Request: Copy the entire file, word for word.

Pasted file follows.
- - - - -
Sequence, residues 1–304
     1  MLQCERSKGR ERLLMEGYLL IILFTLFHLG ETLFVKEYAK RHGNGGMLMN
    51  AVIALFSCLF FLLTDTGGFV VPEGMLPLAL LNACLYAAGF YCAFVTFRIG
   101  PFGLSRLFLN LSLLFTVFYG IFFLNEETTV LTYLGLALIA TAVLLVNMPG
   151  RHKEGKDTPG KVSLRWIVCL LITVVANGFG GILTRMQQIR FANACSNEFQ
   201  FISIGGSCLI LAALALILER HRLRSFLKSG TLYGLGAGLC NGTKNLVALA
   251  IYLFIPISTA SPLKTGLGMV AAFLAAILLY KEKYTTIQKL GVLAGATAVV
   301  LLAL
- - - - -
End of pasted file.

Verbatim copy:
Sequence, residues 1–304
     1  MLQCERSKGR ERLLMEGYLL IILFTLFHLG ETLFVKEYAK RHGNGGMLMN
    51  AVIALFSCLF FLLTDTGGFV VPEGMLPLAL LNACLYAAGF YCAFVTFRIG
   101  PFGLSRLFLN LSLLFTVFYG IFFLNEETTV LTYLGLALIA TAVLLVNMPG
   151  RHKEGKDTPG KVSLRWIVCL LITVVANGFG GILTRMQQIR FANACSNEFQ
   201  FISIGGSCLI LAALALILER HRLRSFLKSG TLYGLGAGLC NGTKNLVALA
   251  IYLFIPISTA SPLKTGLGMV AAFLAAILLY KEKYTTIQKL GVLAGATAVV
   301  LLAL